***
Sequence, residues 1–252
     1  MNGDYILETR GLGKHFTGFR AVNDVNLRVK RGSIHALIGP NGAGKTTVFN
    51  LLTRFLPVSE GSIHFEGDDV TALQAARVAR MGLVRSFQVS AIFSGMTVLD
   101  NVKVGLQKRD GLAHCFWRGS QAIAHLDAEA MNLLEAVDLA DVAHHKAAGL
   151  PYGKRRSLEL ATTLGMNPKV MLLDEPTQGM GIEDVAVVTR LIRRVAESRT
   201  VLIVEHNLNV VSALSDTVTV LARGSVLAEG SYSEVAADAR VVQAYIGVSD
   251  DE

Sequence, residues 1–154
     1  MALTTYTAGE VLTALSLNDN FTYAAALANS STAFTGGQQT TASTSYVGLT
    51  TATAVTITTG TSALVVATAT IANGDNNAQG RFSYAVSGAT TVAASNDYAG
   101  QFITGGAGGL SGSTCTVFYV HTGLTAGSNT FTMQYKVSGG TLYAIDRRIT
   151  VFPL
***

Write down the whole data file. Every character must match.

Sequence, residues 1–252
     1  MNGDYILETR GLGKHFTGFR AVNDVNLRVK RGSIHALIGP NGAGKTTVFN
    51  LLTRFLPVSE GSIHFEGDDV TALQAARVAR MGLVRSFQVS AIFSGMTVLD
   101  NVKVGLQKRD GLAHCFWRGS QAIAHLDAEA MNLLEAVDLA DVAHHKAAGL
   151  PYGKRRSLEL ATTLGMNPKV MLLDEPTQGM GIEDVAVVTR LIRRVAESRT
   201  VLIVEHNLNV VSALSDTVTV LARGSVLAEG SYSEVAADAR VVQAYIGVSD
   251  DE

Sequence, residues 1–154
     1  MALTTYTAGE VLTALSLNDN FTYAAALANS STAFTGGQQT TASTSYVGLT
    51  TATAVTITTG TSALVVATAT IANGDNNAQG RFSYAVSGAT TVAASNDYAG
   101  QFITGGAGGL SGSTCTVFYV HTGLTAGSNT FTMQYKVSGG TLYAIDRRIT
   151  VFPL